You also see that grassroots indigenous organizations are doing things, such as seeking to control financing mechanisms so that they can promote renewable energy on tribal lands. But at the same time, they are discussing some issues with renewable energy, such as dirty supply chains.
Another key aspect of many of these plans is how tribes should connect with county, state, and federal governments—trying to figure out how to deal with climate change, but where they can connect better with communities. The more dominant institution.
There is not much reciprocity when the state or federal government really does what they need to do to deepen these relationships. For example, many federal agencies do not devote enough time or do not have full-time employees who can work directly with the tribe.
What does all this mean for climate change solutions?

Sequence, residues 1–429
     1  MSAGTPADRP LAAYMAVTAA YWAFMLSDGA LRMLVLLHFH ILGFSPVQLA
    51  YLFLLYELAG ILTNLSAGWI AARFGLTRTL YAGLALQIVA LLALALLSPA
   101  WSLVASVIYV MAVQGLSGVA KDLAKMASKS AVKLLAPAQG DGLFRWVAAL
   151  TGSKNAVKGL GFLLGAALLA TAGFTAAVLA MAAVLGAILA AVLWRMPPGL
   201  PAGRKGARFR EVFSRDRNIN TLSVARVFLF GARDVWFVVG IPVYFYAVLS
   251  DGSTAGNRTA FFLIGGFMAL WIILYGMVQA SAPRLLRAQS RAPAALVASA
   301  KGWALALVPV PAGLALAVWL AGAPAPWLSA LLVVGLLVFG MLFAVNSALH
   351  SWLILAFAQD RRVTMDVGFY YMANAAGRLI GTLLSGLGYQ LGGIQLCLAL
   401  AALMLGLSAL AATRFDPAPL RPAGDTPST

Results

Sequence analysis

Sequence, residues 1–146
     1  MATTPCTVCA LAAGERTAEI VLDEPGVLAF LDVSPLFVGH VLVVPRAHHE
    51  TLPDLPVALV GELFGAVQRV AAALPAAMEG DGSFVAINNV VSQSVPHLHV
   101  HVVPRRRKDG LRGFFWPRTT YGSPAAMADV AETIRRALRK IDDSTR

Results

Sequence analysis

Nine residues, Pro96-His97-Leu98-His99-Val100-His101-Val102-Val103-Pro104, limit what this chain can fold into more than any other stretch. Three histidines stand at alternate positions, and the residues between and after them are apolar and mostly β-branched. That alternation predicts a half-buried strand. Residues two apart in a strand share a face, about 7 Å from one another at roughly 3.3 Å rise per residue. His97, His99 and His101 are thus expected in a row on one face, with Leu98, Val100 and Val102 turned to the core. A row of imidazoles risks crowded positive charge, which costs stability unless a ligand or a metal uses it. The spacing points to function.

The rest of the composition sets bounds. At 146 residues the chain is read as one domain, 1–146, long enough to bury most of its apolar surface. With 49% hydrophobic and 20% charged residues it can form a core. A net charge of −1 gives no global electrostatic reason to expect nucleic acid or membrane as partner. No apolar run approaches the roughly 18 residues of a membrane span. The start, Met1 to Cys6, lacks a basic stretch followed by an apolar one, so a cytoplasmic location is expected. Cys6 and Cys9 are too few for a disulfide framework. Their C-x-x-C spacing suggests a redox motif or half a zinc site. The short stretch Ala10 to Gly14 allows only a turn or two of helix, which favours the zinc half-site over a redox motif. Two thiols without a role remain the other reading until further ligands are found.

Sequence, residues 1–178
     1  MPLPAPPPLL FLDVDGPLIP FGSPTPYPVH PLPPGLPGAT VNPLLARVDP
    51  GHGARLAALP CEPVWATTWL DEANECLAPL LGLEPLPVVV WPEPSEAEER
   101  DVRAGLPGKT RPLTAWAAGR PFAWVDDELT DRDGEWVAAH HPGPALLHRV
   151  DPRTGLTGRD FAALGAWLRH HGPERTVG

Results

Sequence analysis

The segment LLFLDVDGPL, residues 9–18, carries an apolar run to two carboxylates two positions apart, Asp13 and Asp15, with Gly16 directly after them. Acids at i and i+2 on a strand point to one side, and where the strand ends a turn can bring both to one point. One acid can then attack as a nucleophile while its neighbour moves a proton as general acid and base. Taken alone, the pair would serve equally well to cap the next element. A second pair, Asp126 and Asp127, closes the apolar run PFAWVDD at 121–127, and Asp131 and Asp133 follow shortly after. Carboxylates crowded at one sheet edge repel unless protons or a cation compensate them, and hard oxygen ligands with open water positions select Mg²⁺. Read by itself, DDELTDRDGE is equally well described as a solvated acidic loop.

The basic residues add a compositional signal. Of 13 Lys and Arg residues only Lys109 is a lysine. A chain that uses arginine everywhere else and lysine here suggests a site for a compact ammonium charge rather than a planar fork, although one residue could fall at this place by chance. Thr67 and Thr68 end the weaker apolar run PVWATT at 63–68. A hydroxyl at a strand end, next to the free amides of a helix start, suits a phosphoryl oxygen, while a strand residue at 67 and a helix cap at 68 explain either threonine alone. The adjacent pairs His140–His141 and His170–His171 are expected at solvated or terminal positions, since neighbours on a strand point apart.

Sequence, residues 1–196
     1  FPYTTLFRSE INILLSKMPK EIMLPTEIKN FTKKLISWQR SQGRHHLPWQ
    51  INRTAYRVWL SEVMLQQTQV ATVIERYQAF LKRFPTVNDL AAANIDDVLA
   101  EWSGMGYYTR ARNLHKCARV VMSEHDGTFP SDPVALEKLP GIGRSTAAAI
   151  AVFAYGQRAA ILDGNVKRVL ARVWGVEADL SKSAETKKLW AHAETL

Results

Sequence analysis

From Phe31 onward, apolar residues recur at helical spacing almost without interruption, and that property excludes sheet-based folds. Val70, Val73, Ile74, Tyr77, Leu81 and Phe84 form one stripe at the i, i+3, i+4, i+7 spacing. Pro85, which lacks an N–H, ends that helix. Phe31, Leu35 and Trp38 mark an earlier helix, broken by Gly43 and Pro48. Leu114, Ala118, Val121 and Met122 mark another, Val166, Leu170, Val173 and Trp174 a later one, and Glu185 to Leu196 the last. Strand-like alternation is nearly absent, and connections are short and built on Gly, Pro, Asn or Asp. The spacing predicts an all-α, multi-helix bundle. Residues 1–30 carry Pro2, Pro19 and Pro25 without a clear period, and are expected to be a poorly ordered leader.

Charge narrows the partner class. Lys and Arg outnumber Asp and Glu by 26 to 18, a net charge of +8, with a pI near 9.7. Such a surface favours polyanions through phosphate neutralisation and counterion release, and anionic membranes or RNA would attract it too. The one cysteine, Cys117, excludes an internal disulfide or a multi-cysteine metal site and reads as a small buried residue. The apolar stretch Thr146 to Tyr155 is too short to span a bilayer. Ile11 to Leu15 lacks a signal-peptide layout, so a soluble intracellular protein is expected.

Many engineers or politicians have encountered such a situation. They feel that they have provided some great solutions, but the community at the receiving end of the solution said that they do not trust the entity. With the climate crisis and colonialism, the kinship between native American communities and communities of color has completely disappeared, which means that when climate solutions emerge, [project developers] It cannot just be said that they will be mutually beneficial, mutually agreed or trustworthy, because it may take years to reach this point.
You cannot solve the trust issue immediately.
People need to realize that, on the one hand, renewable energy technology is very important, but until people can find a way to enable people of color, indigenous people, and the majority of people around the world to truly exercise their right to self-determination-develop their own economy and use fair Financing mechanisms, equal participation in education and training, and sufficient technical assistance-then we will see a world with a potentially lower carbon footprint, but it may be worse for those who are left behind. This happens when these infrastructure investments are not really connected to what is needed to make up for generations of colonialism, ethnic capitalism, and patriarchy.
For the sake of space and clarity, this interview has been edited.